Ralph Sievert, director of the park board's Forestry Department, sympathizes with homeowners like Freitag. And he agrees that hacking down a lot of trees at one time in any neighborhood is never aesthetically pleasing. The park board is under contract to the city of Minneapolis to maintain the trees, and each year is given only so much money.

Once a tree is marked for removal, a notice is left on the homeowner's door telling them why. Most homeowners accept the Forestry Department's decisions regarding the fate of their trees, Sievert says. But some people want to hang on to a tree as long as they can. As long as it's not a danger to anyone, the department tries to work out a compromise. Eventually, he says, most trees marked for removal do come down. The park board will plant a replacement, although it may take a year.

While it's true that tending to the needs of sick trees rather than removing them might make city streets more attractive, the strategy is simply not cost-effective in light of the department's current budget. "There's a lot to be said for preventative steps like injecting trees against Dutch elm disease," says Sievert. "But right now we get about $7 million a year from the city. With that we remove between 2,000 and 3,000 trees, mostly from boulevards but also from parks. And we buy and plant about 3,500 new ones. We also send scouting crews out to inspect city trees and report back on their health. We remove stumps and prune. So for us, the best way to keep diseases from spreading is to cut down sick and rotting trees before illness spreads."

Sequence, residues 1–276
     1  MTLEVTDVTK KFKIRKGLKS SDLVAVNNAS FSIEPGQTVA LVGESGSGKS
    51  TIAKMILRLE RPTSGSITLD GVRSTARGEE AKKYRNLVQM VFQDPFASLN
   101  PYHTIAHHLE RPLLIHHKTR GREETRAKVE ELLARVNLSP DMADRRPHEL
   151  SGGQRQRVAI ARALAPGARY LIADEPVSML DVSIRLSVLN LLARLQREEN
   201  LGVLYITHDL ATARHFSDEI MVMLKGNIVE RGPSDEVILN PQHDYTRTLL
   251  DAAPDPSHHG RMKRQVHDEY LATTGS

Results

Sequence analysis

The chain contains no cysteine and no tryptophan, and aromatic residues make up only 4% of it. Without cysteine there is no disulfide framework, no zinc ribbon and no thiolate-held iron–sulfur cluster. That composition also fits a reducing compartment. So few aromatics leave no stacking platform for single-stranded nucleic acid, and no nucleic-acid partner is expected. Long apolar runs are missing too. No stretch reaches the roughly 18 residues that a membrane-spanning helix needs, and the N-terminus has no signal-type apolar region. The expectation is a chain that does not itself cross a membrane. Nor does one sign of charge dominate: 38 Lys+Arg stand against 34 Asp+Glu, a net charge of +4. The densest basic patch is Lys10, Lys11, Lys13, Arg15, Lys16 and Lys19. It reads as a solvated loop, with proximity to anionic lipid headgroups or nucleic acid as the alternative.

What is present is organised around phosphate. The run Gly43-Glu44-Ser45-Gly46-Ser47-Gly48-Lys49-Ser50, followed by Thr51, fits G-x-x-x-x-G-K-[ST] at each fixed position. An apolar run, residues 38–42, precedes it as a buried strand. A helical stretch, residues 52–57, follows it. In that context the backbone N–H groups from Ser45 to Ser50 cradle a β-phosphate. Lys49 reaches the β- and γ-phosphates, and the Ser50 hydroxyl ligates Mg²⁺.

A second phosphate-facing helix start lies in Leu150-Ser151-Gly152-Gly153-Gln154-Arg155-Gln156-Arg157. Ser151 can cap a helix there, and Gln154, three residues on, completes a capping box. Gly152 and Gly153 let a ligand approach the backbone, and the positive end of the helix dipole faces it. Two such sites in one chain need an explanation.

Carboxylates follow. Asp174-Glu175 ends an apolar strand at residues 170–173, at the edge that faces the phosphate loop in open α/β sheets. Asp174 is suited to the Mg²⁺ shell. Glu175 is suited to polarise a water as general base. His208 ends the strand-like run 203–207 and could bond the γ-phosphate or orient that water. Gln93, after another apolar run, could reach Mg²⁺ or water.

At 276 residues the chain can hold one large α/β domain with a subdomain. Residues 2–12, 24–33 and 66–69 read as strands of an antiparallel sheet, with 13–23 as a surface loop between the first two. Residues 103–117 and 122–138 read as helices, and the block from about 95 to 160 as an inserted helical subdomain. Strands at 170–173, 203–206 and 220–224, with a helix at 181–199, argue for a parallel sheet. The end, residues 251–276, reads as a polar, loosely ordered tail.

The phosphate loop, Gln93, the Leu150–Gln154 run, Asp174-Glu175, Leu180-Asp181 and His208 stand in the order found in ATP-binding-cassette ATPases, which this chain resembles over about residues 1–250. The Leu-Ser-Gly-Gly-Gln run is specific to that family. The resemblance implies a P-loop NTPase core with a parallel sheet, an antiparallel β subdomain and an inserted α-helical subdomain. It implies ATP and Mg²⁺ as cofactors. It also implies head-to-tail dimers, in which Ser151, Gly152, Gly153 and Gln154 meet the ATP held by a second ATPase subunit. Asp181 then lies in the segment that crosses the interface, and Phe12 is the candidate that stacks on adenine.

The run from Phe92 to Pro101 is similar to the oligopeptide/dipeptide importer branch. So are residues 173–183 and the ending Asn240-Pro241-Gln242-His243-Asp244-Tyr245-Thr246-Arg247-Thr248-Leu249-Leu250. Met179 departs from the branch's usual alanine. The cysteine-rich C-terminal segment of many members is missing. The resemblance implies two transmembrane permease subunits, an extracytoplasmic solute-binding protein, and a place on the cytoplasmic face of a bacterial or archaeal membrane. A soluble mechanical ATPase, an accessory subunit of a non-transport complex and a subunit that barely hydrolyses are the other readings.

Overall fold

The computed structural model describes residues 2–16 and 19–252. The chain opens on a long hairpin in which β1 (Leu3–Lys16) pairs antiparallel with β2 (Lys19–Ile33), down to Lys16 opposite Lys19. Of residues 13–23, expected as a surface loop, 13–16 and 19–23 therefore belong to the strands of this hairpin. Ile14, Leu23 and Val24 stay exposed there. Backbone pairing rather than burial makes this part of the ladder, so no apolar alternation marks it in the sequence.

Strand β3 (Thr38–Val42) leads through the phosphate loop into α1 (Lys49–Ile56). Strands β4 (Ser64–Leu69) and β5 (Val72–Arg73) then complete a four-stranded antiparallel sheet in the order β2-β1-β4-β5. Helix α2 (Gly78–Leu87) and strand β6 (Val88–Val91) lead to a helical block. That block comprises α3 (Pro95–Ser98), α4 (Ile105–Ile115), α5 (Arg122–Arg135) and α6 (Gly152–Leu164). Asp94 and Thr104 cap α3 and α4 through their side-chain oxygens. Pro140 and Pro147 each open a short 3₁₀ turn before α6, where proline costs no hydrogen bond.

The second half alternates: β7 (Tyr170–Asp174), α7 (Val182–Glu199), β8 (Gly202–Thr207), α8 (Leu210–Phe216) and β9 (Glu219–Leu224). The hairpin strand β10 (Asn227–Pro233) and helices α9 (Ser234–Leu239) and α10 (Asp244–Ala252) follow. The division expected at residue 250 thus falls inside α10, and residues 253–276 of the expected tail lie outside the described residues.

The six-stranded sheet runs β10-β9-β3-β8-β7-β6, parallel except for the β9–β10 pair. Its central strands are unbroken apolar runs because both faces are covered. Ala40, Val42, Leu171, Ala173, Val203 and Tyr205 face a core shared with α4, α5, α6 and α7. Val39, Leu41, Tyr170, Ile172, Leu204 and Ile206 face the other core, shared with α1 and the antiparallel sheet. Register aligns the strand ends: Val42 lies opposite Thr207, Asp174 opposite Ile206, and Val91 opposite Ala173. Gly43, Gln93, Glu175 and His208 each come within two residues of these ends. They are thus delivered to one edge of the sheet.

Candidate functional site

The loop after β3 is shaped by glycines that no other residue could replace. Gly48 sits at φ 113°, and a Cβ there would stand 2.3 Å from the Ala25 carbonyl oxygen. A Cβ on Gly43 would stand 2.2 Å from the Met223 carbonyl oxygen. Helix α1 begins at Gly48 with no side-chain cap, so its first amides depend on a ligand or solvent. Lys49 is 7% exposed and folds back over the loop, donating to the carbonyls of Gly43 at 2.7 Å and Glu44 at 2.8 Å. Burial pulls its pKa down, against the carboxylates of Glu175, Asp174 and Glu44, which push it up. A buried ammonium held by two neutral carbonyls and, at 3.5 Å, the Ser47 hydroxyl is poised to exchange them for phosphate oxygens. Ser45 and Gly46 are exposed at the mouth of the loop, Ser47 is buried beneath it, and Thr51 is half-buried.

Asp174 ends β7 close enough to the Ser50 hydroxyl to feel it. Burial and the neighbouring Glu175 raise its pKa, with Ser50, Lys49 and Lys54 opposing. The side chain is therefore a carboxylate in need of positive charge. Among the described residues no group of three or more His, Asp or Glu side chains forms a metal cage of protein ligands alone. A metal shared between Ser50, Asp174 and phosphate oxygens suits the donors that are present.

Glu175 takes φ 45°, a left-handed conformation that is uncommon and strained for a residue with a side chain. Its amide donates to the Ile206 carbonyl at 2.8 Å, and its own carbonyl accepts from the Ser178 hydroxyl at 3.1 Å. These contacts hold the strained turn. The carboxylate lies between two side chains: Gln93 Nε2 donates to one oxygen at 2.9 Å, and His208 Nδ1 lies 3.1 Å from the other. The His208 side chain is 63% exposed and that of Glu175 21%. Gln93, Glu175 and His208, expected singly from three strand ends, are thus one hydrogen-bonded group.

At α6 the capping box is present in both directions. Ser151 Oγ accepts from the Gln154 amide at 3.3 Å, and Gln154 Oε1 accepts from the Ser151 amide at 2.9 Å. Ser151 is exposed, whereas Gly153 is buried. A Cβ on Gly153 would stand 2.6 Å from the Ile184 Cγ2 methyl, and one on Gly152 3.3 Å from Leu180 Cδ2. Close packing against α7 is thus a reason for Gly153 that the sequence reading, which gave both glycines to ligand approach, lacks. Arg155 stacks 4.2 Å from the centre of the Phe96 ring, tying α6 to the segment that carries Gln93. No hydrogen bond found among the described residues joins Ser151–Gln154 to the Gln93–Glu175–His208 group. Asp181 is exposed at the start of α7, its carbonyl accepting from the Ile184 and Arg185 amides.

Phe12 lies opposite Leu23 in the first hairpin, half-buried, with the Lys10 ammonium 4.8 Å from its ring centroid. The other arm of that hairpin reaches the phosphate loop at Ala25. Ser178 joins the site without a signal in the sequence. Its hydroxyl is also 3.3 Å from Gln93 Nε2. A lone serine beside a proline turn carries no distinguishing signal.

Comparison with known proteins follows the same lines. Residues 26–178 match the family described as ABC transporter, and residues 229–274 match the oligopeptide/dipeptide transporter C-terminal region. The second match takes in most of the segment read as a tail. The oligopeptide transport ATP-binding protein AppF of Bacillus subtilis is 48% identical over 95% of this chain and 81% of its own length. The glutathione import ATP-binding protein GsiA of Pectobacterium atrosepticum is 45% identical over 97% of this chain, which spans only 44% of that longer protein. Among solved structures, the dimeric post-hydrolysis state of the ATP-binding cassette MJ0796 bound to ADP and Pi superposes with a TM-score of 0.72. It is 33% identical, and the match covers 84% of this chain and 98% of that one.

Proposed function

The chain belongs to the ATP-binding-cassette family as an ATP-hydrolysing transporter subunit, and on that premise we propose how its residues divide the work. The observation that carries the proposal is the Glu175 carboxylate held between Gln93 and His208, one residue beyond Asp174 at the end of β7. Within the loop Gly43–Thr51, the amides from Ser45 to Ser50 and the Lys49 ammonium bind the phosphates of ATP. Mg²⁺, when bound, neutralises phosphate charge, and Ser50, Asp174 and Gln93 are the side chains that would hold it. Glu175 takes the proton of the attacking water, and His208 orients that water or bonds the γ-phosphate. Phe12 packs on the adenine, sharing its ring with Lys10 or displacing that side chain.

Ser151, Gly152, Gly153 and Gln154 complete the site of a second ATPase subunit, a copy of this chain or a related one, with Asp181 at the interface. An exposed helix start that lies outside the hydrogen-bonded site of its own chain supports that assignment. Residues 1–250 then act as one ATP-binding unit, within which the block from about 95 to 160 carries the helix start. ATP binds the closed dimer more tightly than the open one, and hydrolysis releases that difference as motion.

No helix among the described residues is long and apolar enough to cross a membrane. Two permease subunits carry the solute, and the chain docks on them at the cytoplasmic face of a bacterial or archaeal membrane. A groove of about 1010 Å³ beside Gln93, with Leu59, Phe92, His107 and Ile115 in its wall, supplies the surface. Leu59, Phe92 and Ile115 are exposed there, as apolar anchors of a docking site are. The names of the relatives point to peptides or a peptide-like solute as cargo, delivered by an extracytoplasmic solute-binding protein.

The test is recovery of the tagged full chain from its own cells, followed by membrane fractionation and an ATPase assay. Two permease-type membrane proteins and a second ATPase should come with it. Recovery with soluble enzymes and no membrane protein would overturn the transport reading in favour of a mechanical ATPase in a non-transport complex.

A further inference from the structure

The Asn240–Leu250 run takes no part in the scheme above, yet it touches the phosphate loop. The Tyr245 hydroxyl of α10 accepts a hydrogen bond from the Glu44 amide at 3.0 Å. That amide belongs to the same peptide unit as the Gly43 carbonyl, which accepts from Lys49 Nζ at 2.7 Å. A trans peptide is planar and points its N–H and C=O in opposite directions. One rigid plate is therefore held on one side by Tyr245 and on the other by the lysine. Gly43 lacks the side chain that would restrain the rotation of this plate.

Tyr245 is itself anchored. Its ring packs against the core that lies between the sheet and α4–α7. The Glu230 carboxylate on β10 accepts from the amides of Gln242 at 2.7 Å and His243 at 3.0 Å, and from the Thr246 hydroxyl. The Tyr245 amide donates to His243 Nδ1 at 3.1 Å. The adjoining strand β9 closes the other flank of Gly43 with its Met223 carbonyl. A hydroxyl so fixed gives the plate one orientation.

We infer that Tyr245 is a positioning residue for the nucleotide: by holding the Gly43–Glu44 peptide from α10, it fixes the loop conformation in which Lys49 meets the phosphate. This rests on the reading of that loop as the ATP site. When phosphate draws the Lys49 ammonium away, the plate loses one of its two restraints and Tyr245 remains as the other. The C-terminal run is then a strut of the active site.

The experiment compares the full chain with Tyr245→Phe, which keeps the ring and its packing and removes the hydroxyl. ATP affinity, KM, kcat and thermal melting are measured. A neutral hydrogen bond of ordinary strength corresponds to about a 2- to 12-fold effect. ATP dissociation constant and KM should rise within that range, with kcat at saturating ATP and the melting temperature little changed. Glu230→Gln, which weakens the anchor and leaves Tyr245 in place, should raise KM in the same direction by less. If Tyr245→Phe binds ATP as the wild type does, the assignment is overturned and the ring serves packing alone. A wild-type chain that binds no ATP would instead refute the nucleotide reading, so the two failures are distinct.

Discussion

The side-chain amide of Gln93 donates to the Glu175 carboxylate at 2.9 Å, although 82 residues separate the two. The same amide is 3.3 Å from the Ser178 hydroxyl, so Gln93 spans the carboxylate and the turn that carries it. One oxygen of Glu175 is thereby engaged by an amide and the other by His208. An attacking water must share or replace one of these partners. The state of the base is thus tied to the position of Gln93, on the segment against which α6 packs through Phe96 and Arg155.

Ten years ago, in the wake of the Dutch elm epidemic that wiped out many of the state's elms, the city of St. Louis Park began helping homeowners inject elms with a fungicide called Arbotect 20-S. The injections can protect some species of elm against the disease for three years, when another dose is needed. It costs between $240 and $300 to inject an average-size tree. Under the subsidy program, the city pays 60 percent of that cost if the tree is on the boulevard and 40 percent if it's in a yard. Homeowners can either make payments to the city or have their portion of the cost included in their yearly property taxes.

St. Louis Park has reduced its losses, says Mark Stennes, president of the Minnesota Society of Arboriculture (MSA), but the cost per tree is exorbitantly high. The loss rate of untreated trees is only about two percent, so out of 400 injected trees only eight were actually in danger of contracting the disease in the first place, he says. Given those odds, he believes Sievert is right when he says the best thing to do is to remove infected trees rather than treat them, at least when it comes to elms.

"Minneapolis has been more successful at [containing the disease] than any other city in the world, and has at least 100,000 mature, healthy American elm trees on public and private property throughout the city to show for it," Stennes says. "Fungicide injections have played no role."